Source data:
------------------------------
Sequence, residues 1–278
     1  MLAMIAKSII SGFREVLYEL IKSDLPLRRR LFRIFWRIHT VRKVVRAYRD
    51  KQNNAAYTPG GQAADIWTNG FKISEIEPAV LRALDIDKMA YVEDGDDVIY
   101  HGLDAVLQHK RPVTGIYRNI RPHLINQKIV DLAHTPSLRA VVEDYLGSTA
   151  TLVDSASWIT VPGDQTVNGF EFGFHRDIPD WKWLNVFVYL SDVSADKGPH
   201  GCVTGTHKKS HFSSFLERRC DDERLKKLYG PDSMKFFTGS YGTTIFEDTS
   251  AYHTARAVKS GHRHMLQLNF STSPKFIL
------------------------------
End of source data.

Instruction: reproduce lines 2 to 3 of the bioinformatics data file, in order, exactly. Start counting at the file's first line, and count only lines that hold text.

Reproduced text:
     1  MLAMIAKSII SGFREVLYEL IKSDLPLRRR LFRIFWRIHT VRKVVRAYRD
    51  KQNNAAYTPG GQAADIWTNG FKISEIEPAV LRALDIDKMA YVEDGDDVIY